Clean, Wet, and Smart, Part IV

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Land use affects water quality, water use, and the integrity and health of watersheds.  The last few years have seen a growing level of attention to how aquatically responsible land use and development might be defined and actually achieved.  This blog posting is the fourth in a series of posts highlighting articles that address the legal and policy intersections of land and water.  In this posting, I provide links and abstracts of articles that explore ways that federal law has been misused or unused to regulate land use and development as they relate to water resources.                 

 

1) Christine A. Klein and Sandra B. Zellmer, "Mississippi River Stories: Lessons from a Century of Unnatural Disasters" (August 20, 2007). Available at SSRN: http://ssrn.com/abstract=1010611 

 

Abstract:

 

In the wake of Hurricane Katrina, the nation pondered how a relatively weak Category 3 storm could have destroyed an entire region. Few appreciated the extent to which a flawed federal water development policy transformed this apparently natural disaster into a “manmade” disaster; fewer still appreciated how the disaster was the predictable, and indeed predicted, sequel to almost a century of similar disasters. This article focuses upon three such stories: the Great Flood of 1927, the Midwest Flood of 1993, and Hurricanes Katrina and Rita of 2005. Taken together, the stories reveal important lessons, including the inadequacy of engineered flood control structures such as levees and dams; the perverse incentives created by the national flood insurance program; and the need to reform federal leadership over flood hazard control, particularly as delegated to the Army Corps of Engineers.

Setting forth what we call the theory of “double takes,” this article argues that property owners in flood-prone areas “take” taxpayer dollars through two sometimes-overlapping mechanisms. First, a package of subsidies - including flood control structures, federal flood insurance, and after-the-fact disaster relief - enables and even encourages construction in high-risk areas. Second, landowners denied permits to develop floodplain and coastal property can “take” federal dollars in the form of compensation awarded under the Fifth Amendment. Such claims for compensation are fostered by the 1992 decision, Lucas v. South Carolina Coastal Council, in which the Supreme Court endorsed the view that coastal areas are “valueless” in their natural state - a dangerous misconception laid bare by the post-Katrina awareness that wetlands and barrier islands instead perform an invaluable flood-taming function. We conclude with suggestions for reform of federal flood hazard policy, the national flood insurance program, and the regulatory takings doctrine.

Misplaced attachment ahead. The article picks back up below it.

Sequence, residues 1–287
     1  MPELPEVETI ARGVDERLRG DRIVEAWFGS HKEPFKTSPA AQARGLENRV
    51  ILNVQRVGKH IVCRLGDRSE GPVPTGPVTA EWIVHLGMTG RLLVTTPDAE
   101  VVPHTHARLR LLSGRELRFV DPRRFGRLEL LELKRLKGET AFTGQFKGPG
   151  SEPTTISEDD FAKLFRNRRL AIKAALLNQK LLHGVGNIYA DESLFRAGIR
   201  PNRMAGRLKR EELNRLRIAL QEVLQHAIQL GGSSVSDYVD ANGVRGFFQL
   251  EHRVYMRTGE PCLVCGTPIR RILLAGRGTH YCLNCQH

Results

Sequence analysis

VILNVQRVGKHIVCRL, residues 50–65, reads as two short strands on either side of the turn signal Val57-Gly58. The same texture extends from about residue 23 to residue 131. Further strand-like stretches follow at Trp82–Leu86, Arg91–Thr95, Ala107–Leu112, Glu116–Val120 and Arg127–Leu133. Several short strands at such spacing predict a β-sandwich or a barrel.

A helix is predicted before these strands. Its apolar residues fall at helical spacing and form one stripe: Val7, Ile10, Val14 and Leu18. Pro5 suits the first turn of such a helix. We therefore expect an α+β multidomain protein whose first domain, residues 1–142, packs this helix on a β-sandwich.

2) Jess R. Phelps, "A Vision of the New Deal Unfulfilled? Soil and Water Conservation Districts and Land Use Regulation," 11 Drake Journal of Agricultural Law 353 (2006). Available at SSRN: http://ssrn.com/abstract=979108 

 

Abstract:

 

This Note evaluates the role of soil and water conservation districts as a part of the environmental component of New Deal era policymaking. This Note is specifically focused on exploring the nature of the regulatory authority that was granted to the conservation districts at the time most states passed the district enabling legislation and the role this authority play in addressing conservation problems on the local level. States granted districts two types of authority: projects and regulatory. Projects power - or the ability of the districts to promote conservation through demonstration stations, and educational efforts has been the dominant activity of the districts throughout their history. On the other hand, regulatory authority - the ability to pass local regulations governing land use - has rarely been utilized. This Note addresses the reasons this authority was not fully utilized and the forces that opposed the utilization of this district regulatory authority. In conclusion, this Note follows a modern use of district regulatory authority in Montana's Rosebud Conservation District and provides a framework for expanded use of regulatory authority in addressing local environmental problems.